The problem with the world

Those that believe that understanding of the world is possible must also believe that understanding of “understanding” is possible. The problem with “understanding” is, however, that something must be assumed for something to be explained, whereof the assumption can’t be explained, meaning that “understanding” can’t be explained. And, if “understanding” can’t be explained, then it is neither possible to understand the world.

The problem that the world is unintelligible is thus fundamentally not a question about the world itself, but about that it is impossible to “understand” fundamentally. “Understanding” can be phrased in many different contexts, but a fundamental understanding, including understanding of understanding, is impossible. The question whether the world is understandable (ie, intelligible) or not can thus not be answered, ie, is beyond reach for words.

The problem to understand the world is thus created by words themselves, and lacking a solution per definition. This, I would say, is the problem with the world.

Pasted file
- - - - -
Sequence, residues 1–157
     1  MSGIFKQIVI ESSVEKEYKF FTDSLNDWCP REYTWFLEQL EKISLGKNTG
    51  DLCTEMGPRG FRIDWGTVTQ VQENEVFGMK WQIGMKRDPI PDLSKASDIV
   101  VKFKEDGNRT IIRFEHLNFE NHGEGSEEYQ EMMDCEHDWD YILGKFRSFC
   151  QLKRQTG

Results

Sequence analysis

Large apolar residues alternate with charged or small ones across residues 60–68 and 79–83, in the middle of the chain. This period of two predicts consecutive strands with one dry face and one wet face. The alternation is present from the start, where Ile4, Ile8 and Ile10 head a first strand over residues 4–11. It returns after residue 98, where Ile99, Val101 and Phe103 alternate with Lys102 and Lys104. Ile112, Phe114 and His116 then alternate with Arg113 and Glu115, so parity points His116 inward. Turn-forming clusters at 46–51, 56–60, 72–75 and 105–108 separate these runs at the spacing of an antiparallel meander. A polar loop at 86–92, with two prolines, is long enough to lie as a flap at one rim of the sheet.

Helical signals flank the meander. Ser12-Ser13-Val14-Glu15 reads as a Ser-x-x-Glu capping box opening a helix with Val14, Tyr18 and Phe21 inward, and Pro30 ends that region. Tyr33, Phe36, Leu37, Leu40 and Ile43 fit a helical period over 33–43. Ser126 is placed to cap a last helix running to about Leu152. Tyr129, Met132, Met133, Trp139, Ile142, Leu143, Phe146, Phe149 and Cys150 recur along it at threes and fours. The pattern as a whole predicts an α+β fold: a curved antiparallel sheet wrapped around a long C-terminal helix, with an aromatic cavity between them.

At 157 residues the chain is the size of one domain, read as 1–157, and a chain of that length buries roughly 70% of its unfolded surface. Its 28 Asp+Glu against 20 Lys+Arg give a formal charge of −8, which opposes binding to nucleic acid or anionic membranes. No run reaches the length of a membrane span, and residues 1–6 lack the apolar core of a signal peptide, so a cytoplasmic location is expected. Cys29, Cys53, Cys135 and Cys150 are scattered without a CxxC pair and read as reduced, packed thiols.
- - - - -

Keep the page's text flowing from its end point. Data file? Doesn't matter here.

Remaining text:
2 responses to “The problem with the world

  1. …is the problem with the definition of world. But this problem occurs with every item that is proposed upon an assumption of term-object identity. With every systemization of world, a juncture will occur to offer at least one item where the term-object identity is assumed solute . As in your case here, the ironic case of ‘setting’ and then ‘lifting’ the term in question. Almost Zizekian what you got here.

    • Yes, almost Zizekian, with the difference that I don’t advocate any ideology, but just conclude that understanding is impossible. However, if this conclusion forces me towards ideologies, then I would advocate that we either change between right and left, compromise between left and right or fight between left and right. By this, I have covered all options.

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